Bruins notes: Horton misses part of practice


Bruins notes: Horton misses part of practice

By Danny Picard

WILMINGTON -- The Bruins were without Zdeno Chara and Tim Thomas for Monday's practice at Ristuccia Arena. With the B's playing in Carolina on Tuesday night, it only made sense to let the two All Stars remain where the All-Star Game took place.

They also were without winger Nathan Horton for the final 20 minutes of Monday's hour-long session.Horton left practice early after suffering what he later called "just a little stinger."

Coach Claude Julien also didn't seem too concerned.

"He's fine," said Julien after Monday's practice. "Just a precaution. He just got banged up a little bit. By the time he was ready to come back on, we were done."

Julien didn't have much of an update on Marc Savard (concussion), but did say that the injured center will return to the team on either Tuesday or Wednesday, and will be re-evaluated further.

Julien stressed, however, that the main goal is for Savard to take care of himself for the sake of himself, not for the sake of the team.

Defenseman Steven Kampfer couldn't wait to replace his full shield with a half shield, and wasted no time doing so as he returned from the team's four-day break during All-Star weekend.

Kampfer broke his nose back on Jan. 15 after taking a Zdeno Chara high stick to the face, and has worn a full shield in his last six games. But team doctors cleared him, after the last game, to go back to his usual half shield, and he did just that for Monday's practice.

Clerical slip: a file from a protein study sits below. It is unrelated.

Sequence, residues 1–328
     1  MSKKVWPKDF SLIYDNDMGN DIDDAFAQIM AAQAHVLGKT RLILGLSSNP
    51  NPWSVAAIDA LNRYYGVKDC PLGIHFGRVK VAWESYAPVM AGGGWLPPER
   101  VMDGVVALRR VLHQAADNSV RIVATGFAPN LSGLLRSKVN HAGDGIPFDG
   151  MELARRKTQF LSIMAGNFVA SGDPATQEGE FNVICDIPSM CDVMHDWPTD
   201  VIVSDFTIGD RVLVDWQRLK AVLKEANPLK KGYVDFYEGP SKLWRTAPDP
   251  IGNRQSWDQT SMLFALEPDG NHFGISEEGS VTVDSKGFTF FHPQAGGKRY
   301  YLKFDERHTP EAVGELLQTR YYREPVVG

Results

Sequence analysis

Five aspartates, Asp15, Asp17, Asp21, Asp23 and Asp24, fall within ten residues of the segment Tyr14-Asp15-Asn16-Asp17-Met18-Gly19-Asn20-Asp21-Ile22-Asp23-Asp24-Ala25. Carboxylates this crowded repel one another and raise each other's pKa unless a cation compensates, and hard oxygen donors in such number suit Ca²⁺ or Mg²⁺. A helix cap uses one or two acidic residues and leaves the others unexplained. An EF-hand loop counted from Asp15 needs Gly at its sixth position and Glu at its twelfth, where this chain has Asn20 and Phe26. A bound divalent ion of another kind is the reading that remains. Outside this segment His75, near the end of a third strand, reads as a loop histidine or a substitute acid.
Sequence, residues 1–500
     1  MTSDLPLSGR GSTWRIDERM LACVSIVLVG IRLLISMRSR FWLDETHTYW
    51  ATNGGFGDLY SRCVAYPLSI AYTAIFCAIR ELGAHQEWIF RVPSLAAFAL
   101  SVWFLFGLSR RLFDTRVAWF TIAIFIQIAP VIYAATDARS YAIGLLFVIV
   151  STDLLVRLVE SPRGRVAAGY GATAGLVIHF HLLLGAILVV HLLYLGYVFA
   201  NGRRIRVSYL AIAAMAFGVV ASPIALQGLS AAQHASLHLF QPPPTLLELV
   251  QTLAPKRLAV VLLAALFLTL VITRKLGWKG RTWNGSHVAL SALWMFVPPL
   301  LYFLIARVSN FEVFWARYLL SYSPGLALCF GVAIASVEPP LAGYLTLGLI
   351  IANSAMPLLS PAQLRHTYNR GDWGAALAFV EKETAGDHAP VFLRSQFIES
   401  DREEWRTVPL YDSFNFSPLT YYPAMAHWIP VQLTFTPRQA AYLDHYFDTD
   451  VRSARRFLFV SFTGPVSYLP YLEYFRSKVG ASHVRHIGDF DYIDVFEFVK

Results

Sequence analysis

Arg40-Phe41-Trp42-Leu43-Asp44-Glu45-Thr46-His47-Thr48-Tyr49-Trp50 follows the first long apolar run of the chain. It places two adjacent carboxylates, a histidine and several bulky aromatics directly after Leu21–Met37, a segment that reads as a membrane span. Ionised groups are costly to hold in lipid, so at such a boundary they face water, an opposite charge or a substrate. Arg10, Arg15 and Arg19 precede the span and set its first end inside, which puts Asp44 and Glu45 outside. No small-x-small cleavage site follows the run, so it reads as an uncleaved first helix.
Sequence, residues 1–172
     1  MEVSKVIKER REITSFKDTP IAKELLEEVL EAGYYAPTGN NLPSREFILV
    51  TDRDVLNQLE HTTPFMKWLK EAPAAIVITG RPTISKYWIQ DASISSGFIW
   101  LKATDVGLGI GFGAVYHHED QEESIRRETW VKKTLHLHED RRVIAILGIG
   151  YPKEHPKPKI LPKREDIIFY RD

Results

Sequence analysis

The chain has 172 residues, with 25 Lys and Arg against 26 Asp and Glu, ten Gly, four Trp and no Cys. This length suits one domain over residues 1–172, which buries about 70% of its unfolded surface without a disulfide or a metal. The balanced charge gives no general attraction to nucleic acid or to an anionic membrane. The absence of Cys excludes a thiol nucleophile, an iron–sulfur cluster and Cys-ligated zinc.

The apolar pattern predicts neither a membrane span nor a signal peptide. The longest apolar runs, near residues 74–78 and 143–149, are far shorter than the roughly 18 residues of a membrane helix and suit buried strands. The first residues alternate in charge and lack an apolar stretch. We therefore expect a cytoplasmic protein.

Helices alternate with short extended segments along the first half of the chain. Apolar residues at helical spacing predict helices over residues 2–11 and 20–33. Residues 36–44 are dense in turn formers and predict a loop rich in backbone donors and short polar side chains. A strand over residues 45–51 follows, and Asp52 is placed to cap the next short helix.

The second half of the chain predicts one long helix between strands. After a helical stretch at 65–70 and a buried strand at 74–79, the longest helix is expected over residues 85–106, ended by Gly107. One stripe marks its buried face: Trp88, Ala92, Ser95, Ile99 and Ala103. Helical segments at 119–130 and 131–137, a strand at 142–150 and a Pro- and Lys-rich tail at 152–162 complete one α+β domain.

"As soon as I got back, I literally grabbed my helmet and said it was time to put the half-shield back on," said Kampfer. "It's not fun wearing the full shield. It's hard to breathe in, so it was good to put the half-shield back on and use it for practice."

Julien also commented on his two players who did make the All Star Game, and was pleased with the way they represented the Bruins in Carolina this past weekend.

"I was happy for Chara, to see him break his own record," said Julien. "It's something he really takes to heart, and takes a lot of pride in. He was able to accomplish that.

"And Tim, as usual, always represents us well. Whether it's having fun or the way he competes. We had some good people representing us there at the All Star Game, and made our organization proud."

Danny Picard is on Twitter at http:twitter.comDannyPicard. You can listen to Danny on his streaming radio show I'm Just Sayin' Monday-Friday from 9-10 a.m. on

Bruin players talk the talk after failing to walk the walk vs. Lightning

Bruin players talk the talk after failing to walk the walk vs. Lightning

BOSTON -- All the Bruins -- the leaders and the core veteran group -- were front and center on Thursday night, taking accountability for what had just happened on the ice.

It was ugly: Boston frittered away three one-goal leads in the second period and then came totally unglued in the third period, allowing three consecutive goals in a 6-3 loss to the Tampa Bay Lightning at TD Garden. There were moments when focus and concentration were clearly an issue, and other moments when the Bruins lacked their usual discipline with veteran players were taking some ill-advised penalties.

With pressure mounting as the Bruins, losers of four in a row, appear to be headed towards their third consecutive late-season collapse out of the playoffs, the players were saying all the right things while vowing to move forward with eight games left.